8 essential items for beginning cruisers

All I had with me for the first night aboard the Karen Marie was a bottle of wine sans opener, a flannel blanket and a jar of peanut butter pretzels. Thankfully, during the course of my inaugural sailing season, I have acquired several simple items that have made a world of difference.  

Double-Sided Velcro ($5.27, Home Depot): Besides coming to the rescue when my mooring ball was bouncing up against my boat (check out: Things that go bump (bump-bump) in the night) this self adhesive has eliminated numerous rattles and vibrations throughout the Karen Marie. When the boat’s rocking caused the lid of our cooktop to continuously fall or when our sail cover clips broke off, Velcro saved the day.  Image

Super-sized zip ties ($12.07, Lowes): In the world of plastic ties, bigger is better. From a broken shroud to a missing oarlock to engine repairs, the uses for these have been many. They also double great as spare kill switches for the dinghy in case you happen to leave yours at home, which is something I know a lot about.  Image

Solar Shower ($15, West Marine): The Karen Marie’s fresh water tank is in need of repair to prevent bilge water from contaminating our water supply. Even if that were functional we don’t have an onboard shower. Paper-thin and easy to stow when not in use, a Solstice solar shower is capable of holding 5 gallons of clean drinking water. When hung from a halyard, the water was heated in just a couple hours on clear sunny days. You really can’t put a price on a hot shower after a salty swim, well, I guess West Marine can because they charge $15 for it. Without a slip and a proper wash-down-system the Solstice shower often provided emergency cleaning services to our salt-crusted decks.  Image

Go-Anywhere Seats ($89.99, West Marine): During the first few months with the boat, I don’t know which was harder, learning to sail or the wooden benches we were sitting on. Long days of resting on unforgiving teak was becoming a real pain in the a$$. That all changed when a pair of Go-Anywhere reclining seats came into my life. They lie flat to seat two guests at a time and recline to provide maximum comfort whether out sailing or taking a nap, thankfully never both at the same time.    

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Pillow Case Bags (priceless): This past year I made one of the most important investments someone can make: I bought new pillows. To quote comedian, Daniel Tosh, “We spend a third of our lives sleeping. That is one third of your life. Spend the money.”  The portable clouds, which I slept on, were outstanding, but what were even better than those were the plastic-zipper sealed cases that they came in. These plastic cases were the perfect receptacles for clothing was left aboard during the week. The kept everything organized but more importantly, they kept everything dry. Image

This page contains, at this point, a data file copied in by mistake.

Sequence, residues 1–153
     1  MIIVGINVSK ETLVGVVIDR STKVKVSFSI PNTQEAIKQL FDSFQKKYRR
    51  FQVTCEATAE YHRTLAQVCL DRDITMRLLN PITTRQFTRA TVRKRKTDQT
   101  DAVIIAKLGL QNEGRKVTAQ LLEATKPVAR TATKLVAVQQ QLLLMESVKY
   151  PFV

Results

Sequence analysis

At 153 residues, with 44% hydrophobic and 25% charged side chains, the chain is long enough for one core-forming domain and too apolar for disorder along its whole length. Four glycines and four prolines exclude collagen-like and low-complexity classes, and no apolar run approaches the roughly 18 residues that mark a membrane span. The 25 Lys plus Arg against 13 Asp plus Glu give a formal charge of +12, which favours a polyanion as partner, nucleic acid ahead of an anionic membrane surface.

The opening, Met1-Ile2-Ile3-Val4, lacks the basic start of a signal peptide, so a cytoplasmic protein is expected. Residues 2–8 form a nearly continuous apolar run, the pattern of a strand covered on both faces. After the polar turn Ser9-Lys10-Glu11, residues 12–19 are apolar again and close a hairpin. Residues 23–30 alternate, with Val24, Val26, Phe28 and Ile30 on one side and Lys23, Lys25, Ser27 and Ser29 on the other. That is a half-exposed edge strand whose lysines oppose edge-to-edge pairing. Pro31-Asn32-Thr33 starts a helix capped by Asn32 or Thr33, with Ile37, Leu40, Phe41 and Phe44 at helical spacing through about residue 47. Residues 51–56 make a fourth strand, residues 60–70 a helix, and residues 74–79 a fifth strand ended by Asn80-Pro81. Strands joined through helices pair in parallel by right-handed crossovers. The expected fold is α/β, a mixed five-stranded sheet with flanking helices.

Instant Coffee ($11.99, Trader Joes): I should start by confessing that I’m not a huge coffee drinker. In fact, I have been known to turn my nose up at Starbucks and their vendi double frappe lattechinos with or without whipped cream. That said, after two nights of snoozing in an ever shrinking V-berth, I needed something to kick-start my day. Instantcoffee from Trader Joe’s provided that. Karen would fire up the stove and heat up some water then stir in a coffee packet with creamer and sugar already mixed in and all of a sudden all was right in the world.

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Forever flashlights ($2.90, amazon.com): The only thing I was losing faster than my hair while learning to sail was batteries. My AA powered lanterns and flashlights died on aweekly basis, leaving me alone in the dark with just my frustration. A coworker of mine gave me half a dozen cheap forever flashlights to try out. A natural skeptic, I though “there is no way these will work,” as I tossed them into my bag and set out to the boat. Upon arrival to the Karen Marie that night, my flashlights died and the forever flashlights were called into action. I was shocked when the flimsy lights ended up working great. It is said that fiveminutes of cranking it up will provide light for up to an hour. Because five minutes is a painfully long time for an impatient person like myself, I can attest that two minutes of cranking provides 20 minutes of uninterrupted light. I now keep them scattered throughout the boat.  Image   G-Project Waterproof Speaker ($59.99, Target): What is the point of sitting out in the cockpit with a frosty beverage if you don’t have a soundtrack? The gift from a family member of a G-Project Speaker, which connects wirelessly to a smart phone added countless hours of Bob Marley bliss to our day.

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